Hepatitis A

Hepatitis A, sometimes called Hep A or HAV, is an infection of the liver caused by a virus. A virus is a tiny organism (it cannot be seen without a microscope) that needs to get inside living cells to live and reproduce (replicate).

Facts about Hepatitis A

In the UK, it is uncommon to become infected with hepatitis A.
Most reported cases occur after travelling to countries where hepatitis A is more common, by coming into contact with someone who has recently been infected with the virus or, more rarely in the UK, through contaminated food and drink.
The hepatitis A virus is highly infectious; you can get the virus even if you have only been in contact with a very small amount of it.
It is most commonly passed on (transmitted) through ‘faecal-oral’ routes. This means that the virus is passed out in bowel motions (faeces) and finds its way into the mouth (orally); usually through close contact with someone who has the virus, or through food and water contaminated by sewage or the hepatitis A virus.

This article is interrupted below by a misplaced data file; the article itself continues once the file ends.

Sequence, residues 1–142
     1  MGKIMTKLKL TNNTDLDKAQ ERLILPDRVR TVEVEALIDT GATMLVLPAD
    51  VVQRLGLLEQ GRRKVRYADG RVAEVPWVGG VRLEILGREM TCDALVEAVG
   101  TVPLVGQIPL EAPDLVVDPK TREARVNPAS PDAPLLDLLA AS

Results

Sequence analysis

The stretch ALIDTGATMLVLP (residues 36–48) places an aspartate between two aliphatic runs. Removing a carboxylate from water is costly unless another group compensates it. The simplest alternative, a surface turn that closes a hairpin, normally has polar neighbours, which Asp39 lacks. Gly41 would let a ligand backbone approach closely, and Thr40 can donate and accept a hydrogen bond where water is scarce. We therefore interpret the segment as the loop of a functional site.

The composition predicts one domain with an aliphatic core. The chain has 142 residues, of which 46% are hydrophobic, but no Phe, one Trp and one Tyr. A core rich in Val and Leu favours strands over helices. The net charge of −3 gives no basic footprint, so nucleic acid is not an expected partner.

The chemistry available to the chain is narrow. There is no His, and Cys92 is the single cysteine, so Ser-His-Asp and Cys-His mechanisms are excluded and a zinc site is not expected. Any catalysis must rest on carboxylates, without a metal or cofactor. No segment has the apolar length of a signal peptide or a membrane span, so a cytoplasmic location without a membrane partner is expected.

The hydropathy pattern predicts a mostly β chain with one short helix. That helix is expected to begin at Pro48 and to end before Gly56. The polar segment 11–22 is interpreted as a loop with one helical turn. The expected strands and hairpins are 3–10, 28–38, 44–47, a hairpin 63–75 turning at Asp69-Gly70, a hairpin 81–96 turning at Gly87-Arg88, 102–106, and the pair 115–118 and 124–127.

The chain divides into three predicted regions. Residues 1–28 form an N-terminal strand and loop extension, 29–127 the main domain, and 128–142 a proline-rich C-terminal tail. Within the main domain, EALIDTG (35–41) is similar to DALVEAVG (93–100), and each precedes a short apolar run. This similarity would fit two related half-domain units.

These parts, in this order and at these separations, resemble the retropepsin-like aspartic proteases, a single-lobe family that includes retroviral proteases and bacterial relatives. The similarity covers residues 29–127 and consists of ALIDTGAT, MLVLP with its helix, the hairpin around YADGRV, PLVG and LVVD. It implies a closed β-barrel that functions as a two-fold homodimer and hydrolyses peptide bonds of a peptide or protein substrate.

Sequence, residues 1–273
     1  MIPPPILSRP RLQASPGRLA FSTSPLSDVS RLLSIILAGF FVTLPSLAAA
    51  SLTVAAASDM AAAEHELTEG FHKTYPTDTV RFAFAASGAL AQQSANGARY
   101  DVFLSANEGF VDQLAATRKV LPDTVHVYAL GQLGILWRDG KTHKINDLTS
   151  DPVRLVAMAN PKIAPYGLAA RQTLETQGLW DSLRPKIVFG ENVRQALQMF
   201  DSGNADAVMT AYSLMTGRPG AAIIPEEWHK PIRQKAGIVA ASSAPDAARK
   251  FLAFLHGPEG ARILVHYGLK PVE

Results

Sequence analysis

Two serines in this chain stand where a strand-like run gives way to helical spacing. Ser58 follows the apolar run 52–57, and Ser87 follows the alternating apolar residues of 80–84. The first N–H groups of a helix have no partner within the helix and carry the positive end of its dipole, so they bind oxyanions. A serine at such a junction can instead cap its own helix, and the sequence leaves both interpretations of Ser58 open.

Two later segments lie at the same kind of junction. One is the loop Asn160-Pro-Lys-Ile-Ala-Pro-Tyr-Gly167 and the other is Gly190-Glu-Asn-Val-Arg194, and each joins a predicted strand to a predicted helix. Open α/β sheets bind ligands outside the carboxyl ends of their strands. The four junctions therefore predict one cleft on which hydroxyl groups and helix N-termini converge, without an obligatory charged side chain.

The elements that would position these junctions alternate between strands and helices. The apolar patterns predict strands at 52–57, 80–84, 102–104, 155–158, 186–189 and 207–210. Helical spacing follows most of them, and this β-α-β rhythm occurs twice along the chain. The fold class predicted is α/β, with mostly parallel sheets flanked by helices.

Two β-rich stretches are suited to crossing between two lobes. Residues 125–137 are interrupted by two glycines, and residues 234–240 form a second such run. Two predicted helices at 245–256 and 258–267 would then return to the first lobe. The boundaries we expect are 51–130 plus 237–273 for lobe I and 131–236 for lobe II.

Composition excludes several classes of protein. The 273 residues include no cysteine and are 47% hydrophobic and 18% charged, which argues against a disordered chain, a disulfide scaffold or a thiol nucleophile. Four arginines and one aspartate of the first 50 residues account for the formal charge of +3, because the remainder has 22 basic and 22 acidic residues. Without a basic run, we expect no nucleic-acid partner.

It is important to wash your hands when you have been to the toilet, to practise good hygiene when handling food and to only drink safe water.
The virus can also be spread through blood to blood contact but this is rare.